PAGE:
Software Project Disaster Types: #1 The Train Wreck

December 02, 2006

Software project disasters come in all shapes and sizes; in my 25 years in this industry I have seen almost everything. Here are a few disasters described and illuminated for your reading and gagging pleasure. I doubt anyone involved in the software industry hasn’t experienced several of these types. There are 6 in the pipeline, I may think up more.

  • The Train Wreck
  • The Death March
  • The Sisyphus Project
  • The Ten-Foot-Pole
  • The Kitchen Sink
  • The Painless Upgrade

Any similarities to the The DailyWTF are purely a figment of this industry.

In the next few articles I will write up the disaster types with a description, an example, and some thoughts on how to avoid the disaster.

The Train Wreck

Description A train wreck is a project where everyone assumes things are going well, progress is being made, and it appears that everything will turn out well. In reality, the train is barreling down the tracks at good speed until it hits the bridge that is out and then crashes spectacularly into the valley. No one is actually driving the train and all anyone sees is out the side windows, so the illusion of progress is great.

Example The best example of this common project type I will call "Country Doctor". A team of entrepreneurs had the brilliant idea of selling a new, modern medical clinic management package for a specific specialty. Aided by a new government mandate (HIPAA) requiring everyone update their software, and having a killer feature no one else had (that would save clinics lots of money), it was a sure fire hit at trade shows and sales calls. People not only paid in advanced but many offered to invest in the startup as well. Now all that was needed was the software.

One of the founders knew a project manger in another state that they had worked with, and this person happened to know an architect who could design the application, so a development office was opened in the most expensive real estate area in the country. The architect came up with a object model, but had no interest in UI design or managing development so the project manager hired a large group of contractors to work on the UI and database pieces along with the business logic. Since the application was way too secret to show to anyone, the application was sliced vertically (from database to UI) and each contractor was only allowed to see the source of their slice. Any contractor who tried to look at source they were not working on was fired. With no one to look over the entire design massive duplication and outright conflicts were everywhere. But the reports coming from the development office to the business team was always positive and a few bits of the app were visible so everyone was excited about progress.

Of course the business team knew nothing of development, the sales team sold the sizzle without having to try, and each developer got closer and closer to delivery. Then came the start of beta, when a few lucky clinics would start use this wondrous package. First they hired a few industry experts to make sure no detail was missed. Bad idea, the first time anyone who actually knew medical accounting saw the package they realized it was completely unusable. Every screen worked differently, features appeared in no particular order, important features (like paying bills) were not even working; it was an unusable mess. Now the entrepreneurs had a big problem, as the HIPAA deadline was approaching and all these clinics had given money by the handful and disasters would happen if the software wasn't ready. So they hired the company I worked for to "fix" the code.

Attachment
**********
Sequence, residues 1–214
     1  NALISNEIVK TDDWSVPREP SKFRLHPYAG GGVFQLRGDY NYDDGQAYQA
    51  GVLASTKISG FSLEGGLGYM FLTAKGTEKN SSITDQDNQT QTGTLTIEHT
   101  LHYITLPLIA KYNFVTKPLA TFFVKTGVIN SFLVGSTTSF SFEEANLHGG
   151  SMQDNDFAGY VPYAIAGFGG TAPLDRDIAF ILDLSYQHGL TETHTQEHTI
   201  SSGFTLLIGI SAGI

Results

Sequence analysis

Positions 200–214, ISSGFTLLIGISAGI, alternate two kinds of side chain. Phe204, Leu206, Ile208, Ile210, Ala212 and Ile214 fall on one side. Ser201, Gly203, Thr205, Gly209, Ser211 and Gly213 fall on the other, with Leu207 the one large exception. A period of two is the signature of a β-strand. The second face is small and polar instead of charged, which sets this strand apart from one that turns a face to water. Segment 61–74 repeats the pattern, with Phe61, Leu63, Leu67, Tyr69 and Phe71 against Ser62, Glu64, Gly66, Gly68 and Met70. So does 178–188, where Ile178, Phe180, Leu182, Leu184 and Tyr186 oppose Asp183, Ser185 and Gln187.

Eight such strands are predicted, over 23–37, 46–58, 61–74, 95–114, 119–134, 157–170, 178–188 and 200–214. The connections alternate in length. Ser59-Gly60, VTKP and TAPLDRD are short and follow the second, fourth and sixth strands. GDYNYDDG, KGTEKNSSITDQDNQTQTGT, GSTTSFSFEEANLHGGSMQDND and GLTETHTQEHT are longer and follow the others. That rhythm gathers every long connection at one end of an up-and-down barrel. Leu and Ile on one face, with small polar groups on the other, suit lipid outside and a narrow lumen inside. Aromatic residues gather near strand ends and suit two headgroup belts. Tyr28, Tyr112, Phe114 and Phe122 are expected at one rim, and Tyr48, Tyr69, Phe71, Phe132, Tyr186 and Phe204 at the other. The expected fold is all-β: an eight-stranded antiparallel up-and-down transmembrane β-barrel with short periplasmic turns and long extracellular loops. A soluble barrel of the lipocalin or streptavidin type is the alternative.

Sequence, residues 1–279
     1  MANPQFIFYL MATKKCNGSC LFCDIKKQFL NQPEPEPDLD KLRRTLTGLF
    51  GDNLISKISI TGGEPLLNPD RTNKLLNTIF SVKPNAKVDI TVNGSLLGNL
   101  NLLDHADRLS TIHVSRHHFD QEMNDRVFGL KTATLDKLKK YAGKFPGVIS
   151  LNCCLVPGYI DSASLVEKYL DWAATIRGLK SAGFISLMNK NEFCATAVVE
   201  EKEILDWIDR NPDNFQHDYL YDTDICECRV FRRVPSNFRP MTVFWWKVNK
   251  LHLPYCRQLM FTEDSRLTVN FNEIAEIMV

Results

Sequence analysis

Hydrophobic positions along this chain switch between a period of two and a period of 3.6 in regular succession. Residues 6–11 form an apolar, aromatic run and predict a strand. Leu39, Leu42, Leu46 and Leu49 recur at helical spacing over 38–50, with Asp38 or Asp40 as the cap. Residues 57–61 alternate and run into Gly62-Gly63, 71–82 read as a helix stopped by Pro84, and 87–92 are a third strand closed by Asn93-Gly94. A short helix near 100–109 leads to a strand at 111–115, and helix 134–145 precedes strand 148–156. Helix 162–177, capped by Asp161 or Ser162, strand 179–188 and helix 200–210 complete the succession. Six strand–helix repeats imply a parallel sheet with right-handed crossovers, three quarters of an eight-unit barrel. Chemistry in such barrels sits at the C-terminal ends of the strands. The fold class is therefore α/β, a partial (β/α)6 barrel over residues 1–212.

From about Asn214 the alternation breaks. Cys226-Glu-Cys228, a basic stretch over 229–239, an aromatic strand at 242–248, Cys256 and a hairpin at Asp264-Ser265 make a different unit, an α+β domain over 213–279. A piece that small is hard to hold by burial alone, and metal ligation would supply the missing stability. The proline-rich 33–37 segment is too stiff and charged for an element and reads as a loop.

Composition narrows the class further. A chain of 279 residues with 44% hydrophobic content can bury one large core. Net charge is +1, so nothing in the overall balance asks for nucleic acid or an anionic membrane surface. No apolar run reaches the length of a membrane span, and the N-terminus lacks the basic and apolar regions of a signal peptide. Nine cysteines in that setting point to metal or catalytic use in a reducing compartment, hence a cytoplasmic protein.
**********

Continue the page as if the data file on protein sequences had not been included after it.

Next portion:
Our first inkling that something was wrong was getting the source. Apparently no one had ever compiled the entire application from source, due to the "security"; they simply compiled a slice and added it to the existing binary. After a month of work we managed to get something running but the horror of the sliced up application was apparent and no amount of work would every make it usable, other than a complete rewrite. But our company was desperate for money so we kept working anyway. Eventually we tried to get paid for all our work but they ran out of money, closed the doors, and ran for the hills. I bet the lawsuits are still chasing after them.

Solution Train wrecks survive due to a lack of open communication among all the participants, a fear of honest status reporting, and most principally, a lack of visible progress. My example had even more problems that I can easily document but the inability of the company founders to have an independent eye on the progress of the application (no domain experts until the end) made it far too easy for the train to move to the crash.

Modern iterative schemes break up a project into smaller repeatable units, where the application is always functional at the end of the iteration, and can readily be examined. It's hard to have a train wreck where the train stops every mile while everyone looks around. There is no excuse for anyone to be "surprised" at the delivery date. It is also imperative that non-technical management have knowledgeable, trustworthy people able to explain what is happening in language they can understand, and that they listen.